Much like the energy boost that is given from the theobromine, the phenylethylamine will give your excited self that feeling of.. well.. how else can you describe the most perfect moment of perpetual existence seemingly freezing in time other than at the peak of orgasm? While the presence of this in chocolate is not enough to really trigger this much very much, but even just a little is enough to provide an interesting backdrop to the feelings that cannabinoids bring to the table already!
TETRAHYDRO-BETA-CARBOLINE – C11H12N2
also known as Tryptoline and and tetrahydronorharmane
Molecular Mass– 172.2264
Cacao and chocolate bars contain a group of neuroactive alkaloids known as tetrahydro-beta-carbolines C(THbetaCs). Tryptolines are also potent reuptake inhibitors of serotonin and epinephrine, with significantly greater selectivity for serotonin. Tetrahydro-beta-carbolines are also found in beer, wine, and liquor; they have been linked to alcoholism. But the possible role of these chemicals in chocolate addiction remains unclear.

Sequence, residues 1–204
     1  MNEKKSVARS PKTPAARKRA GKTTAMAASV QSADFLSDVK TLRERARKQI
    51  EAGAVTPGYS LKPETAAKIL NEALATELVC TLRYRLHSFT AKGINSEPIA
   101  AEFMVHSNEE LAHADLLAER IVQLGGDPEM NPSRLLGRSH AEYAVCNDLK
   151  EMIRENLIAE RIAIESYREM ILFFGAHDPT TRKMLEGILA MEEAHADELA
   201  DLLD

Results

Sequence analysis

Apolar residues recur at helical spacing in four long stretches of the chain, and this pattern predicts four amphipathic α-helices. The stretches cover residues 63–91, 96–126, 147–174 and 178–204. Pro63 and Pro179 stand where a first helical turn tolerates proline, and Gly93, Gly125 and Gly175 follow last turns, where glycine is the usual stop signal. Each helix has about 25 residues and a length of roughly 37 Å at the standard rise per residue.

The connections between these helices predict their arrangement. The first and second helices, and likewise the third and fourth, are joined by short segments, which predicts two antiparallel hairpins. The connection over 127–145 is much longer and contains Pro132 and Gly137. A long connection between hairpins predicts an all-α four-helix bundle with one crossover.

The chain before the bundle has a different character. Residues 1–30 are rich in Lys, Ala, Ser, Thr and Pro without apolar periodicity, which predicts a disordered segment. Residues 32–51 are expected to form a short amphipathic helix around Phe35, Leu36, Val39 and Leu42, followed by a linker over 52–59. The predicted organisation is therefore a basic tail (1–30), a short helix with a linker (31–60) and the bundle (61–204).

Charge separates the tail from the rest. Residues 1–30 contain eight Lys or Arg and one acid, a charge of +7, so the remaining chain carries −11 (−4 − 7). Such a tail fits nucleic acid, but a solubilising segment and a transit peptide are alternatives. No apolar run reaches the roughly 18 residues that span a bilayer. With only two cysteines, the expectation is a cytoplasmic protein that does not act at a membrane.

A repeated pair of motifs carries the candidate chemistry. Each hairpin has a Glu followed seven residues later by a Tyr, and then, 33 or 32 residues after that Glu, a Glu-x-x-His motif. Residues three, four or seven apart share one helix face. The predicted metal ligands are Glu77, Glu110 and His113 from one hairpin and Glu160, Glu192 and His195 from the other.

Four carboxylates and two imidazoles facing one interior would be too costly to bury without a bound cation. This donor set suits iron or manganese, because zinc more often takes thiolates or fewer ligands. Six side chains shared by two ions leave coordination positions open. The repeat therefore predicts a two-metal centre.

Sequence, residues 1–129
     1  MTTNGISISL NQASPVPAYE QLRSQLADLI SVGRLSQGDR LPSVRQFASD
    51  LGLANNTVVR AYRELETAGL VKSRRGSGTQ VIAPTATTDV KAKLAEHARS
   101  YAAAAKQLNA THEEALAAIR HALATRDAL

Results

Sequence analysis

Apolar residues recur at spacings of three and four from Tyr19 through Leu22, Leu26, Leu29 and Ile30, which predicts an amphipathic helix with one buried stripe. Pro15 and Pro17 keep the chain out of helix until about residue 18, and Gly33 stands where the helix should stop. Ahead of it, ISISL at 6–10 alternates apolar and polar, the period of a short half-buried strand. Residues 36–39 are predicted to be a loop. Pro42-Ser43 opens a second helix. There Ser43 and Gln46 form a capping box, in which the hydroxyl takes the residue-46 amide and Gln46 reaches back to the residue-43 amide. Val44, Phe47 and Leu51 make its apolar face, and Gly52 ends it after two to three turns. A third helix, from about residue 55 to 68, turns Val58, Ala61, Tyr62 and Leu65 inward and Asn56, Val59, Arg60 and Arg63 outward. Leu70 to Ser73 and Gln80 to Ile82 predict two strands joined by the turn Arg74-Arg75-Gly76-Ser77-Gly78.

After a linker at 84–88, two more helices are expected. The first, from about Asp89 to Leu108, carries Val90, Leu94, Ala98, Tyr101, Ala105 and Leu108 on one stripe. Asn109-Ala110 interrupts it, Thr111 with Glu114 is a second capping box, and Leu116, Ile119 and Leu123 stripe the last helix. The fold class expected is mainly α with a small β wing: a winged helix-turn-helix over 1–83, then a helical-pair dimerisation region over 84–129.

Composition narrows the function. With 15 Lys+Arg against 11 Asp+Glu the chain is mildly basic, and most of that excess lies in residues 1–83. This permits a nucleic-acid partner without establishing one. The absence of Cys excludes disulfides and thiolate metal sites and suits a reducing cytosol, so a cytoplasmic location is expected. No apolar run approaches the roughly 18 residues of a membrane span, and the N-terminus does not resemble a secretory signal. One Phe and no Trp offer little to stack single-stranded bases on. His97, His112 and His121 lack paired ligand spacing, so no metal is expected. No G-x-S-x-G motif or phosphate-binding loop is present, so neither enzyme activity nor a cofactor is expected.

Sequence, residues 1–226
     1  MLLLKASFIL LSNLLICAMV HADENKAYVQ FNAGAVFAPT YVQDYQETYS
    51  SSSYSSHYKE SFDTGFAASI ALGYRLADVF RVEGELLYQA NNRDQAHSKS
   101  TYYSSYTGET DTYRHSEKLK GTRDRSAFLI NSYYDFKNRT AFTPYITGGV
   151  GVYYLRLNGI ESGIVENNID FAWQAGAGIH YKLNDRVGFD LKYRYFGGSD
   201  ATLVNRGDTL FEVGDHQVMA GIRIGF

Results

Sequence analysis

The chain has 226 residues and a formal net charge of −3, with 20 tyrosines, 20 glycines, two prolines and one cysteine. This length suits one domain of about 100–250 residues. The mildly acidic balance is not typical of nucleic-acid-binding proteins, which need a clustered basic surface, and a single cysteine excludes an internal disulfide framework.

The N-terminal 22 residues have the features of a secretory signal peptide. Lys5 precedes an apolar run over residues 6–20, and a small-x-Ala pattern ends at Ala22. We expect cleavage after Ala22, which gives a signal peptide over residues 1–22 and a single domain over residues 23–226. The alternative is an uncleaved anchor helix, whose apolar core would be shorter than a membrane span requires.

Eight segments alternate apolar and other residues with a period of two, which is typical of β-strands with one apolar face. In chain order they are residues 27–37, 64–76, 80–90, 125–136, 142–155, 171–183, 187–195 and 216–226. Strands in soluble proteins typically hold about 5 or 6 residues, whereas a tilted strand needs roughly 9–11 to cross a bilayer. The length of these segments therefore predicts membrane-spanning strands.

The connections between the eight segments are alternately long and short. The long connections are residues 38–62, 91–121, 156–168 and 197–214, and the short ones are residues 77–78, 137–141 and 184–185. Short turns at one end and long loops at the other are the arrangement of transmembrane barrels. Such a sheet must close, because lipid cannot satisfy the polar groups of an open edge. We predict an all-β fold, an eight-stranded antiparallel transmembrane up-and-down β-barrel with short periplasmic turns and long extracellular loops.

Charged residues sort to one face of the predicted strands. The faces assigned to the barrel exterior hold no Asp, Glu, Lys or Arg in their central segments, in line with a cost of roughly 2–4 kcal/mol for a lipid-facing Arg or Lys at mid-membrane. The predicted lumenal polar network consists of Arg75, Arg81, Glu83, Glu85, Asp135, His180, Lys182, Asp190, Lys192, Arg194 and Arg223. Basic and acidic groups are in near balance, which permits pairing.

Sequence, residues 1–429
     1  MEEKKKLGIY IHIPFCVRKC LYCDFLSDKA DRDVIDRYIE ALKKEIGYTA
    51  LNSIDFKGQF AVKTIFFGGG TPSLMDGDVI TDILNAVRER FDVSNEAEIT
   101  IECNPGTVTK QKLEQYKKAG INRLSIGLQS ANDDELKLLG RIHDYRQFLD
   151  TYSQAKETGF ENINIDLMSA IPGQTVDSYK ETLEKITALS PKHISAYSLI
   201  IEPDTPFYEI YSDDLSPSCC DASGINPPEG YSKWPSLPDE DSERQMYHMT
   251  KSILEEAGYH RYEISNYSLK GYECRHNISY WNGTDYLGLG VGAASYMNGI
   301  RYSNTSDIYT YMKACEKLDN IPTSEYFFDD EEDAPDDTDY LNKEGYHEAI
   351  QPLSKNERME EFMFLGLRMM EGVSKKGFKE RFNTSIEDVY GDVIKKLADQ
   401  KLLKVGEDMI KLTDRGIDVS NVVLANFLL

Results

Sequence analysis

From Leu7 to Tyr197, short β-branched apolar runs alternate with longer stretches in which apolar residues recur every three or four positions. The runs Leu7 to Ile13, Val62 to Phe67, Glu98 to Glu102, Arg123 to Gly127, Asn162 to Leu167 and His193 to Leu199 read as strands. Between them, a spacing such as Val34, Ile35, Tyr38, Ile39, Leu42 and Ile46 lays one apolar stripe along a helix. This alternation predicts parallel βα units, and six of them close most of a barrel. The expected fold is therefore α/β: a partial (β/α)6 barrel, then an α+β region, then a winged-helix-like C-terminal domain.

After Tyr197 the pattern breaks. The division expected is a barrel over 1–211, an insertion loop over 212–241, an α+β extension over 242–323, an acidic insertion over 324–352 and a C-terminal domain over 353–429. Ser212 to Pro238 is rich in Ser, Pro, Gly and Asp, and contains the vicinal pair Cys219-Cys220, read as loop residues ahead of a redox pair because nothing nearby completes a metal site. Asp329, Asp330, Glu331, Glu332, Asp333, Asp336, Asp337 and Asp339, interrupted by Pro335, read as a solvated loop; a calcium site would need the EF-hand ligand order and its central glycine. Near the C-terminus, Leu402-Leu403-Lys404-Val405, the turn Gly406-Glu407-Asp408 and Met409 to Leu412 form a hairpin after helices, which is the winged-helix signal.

It can be lightly drawn from the presence of tetra-hydro-beta-carboline is a part of why we cannot stop thinking about chocolate!
also known as epi-Catechin
Flavonoids are naturally occurring compounds found in plant-based foods that have been shown to have a number of health-benefiting properties including anti-inflammatory, anti-allergic, and anti-cancer activity. Cocoa, especially dark chocolate, has high amounts of the flavonoid Epicatechin and has been found to have nearly twice the antioxidants of red wine and up to three times those found in green tea. Epicatechin may improve blood flow and may have potential applications for cardiac health. Two recent clinical trials have found that cocoa flavanols can boost the flow of blood to key areas of the brain, giving scientists hope for developing treatments for dementia and strokes. Another study found potential applications for treating blood circulation problems associated with long-term diabetes.